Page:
Which Countries Still Recognize Taiwan? Two More Nations Switch to China In Less Than A Week

Taiwan's few formal diplomatic ties became even fewer this week as it lost the recognition of two more countries that instead chose to establish relations with China.

Rival governments in Taipei and Beijing both view themselves as the rightful leadership of China, with the overwhelming majority of the international community siding with the latter in the decades since its communist forces won a civil war in 1949. On Friday, the tiny Pacific island nation of Kiribati became the latest country to switch to the mainland Chinese leadership, which continues to claim sovereignty over Taiwan.

Taiwanese President Tsai Ing-wen said she and her officials "truly regret the Kiribati government's decision," which the leader described as "to leave the true friend they had in Taiwan to act as China's pawn." Tsai accused China of attempting to influence Taiwan's upcoming election and said "the Taiwanese people will not abandon their determination in the face of China's thuggish oppression."

In Beijing, however, Chinese Foreign Ministry spokesperson Geng Shuang told reporters his country "highly commends the decision of the Kiribati government to recognize the one-China principle, sever the so-called 'diplomatic ties' with the Taiwan authorities and re-establish its diplomatic relations with China. He added: "We support Kiribati in making such an important decision as a sovereign and independent country."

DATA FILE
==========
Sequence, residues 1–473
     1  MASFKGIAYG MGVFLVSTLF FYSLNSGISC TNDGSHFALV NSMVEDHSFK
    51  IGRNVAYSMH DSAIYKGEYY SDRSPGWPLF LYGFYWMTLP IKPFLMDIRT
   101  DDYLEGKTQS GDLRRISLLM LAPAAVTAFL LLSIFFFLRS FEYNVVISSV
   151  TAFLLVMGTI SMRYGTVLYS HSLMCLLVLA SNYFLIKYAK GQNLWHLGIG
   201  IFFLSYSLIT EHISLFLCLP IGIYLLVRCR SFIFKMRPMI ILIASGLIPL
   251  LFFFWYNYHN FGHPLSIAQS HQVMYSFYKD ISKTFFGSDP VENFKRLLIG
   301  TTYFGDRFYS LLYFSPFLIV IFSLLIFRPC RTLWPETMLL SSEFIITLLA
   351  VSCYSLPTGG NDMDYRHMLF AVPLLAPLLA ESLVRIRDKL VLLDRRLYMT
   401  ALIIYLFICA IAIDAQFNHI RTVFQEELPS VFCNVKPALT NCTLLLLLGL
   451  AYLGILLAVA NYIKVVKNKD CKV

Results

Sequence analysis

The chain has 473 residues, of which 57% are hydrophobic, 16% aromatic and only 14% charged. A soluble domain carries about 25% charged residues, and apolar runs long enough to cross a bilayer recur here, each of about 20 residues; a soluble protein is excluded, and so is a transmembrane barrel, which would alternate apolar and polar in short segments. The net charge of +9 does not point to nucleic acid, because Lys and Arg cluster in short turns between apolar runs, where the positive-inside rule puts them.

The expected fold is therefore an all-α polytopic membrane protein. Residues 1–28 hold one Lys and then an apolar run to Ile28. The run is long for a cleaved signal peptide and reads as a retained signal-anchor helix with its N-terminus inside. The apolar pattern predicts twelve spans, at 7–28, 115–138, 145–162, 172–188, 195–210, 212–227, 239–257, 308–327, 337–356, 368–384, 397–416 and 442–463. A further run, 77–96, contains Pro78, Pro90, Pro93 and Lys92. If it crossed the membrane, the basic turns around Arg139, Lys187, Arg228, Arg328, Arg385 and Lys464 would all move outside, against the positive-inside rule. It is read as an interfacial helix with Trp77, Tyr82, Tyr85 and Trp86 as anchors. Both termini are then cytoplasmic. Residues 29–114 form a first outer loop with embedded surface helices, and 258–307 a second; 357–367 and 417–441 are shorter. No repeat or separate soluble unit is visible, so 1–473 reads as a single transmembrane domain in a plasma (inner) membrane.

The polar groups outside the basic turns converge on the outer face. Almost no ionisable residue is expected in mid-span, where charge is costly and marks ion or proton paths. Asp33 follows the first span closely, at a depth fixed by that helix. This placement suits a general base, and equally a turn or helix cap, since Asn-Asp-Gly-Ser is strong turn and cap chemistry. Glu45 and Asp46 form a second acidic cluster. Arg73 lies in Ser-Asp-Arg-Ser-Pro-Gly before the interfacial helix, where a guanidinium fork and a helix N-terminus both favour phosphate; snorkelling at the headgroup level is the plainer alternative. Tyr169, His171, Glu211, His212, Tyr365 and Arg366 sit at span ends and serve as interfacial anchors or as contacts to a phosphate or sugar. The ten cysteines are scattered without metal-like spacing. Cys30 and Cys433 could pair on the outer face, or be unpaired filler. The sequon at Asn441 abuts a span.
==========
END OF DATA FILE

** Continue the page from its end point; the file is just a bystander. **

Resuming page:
taiwan china xi jinping reunification
A mother in New Taipei City carries her child January 2 past a television showing Chinese President Xi Jinping making a speech commemorating the 40th anniversary of a message sent to Taiwan in 1979. He called Taiwan's reunification with the mainland is "inevitable," warning against any efforts to promote the island's independence and saying China would not renounce the option of using military force to bring it into the fold. SAM YEH/AFP/Getty Images

Only four days earlier, Taiwan lost another Pacific partner when the Solomon Islands shifted their position. Last week, Tsai welcomed a "delegation of friends" from the fellow island nation and said she "looks forward to expanding bilateral cooperation for mutual benefit in agriculture, healthcare, & education," but on Monday, she announced "we terminated the Republic of China's diplomatic relations with Solomon Islands."

"We sincerely regret and strongly condemn their government's decision to establish diplomatic relations with China," Tsai said. "Over the past few years, China has continually used financial and political pressure to suppress Taiwan's international space. We have responded to these actions with the sternest condemnation as not only a threat to Taiwan, but also a brazen challenge and detriment to the international order."

Again, the mood was different in the mainland, where Chinese Foreign Ministry spokesperson Hua Chunying offered a response that was identical to what Geng would say days later.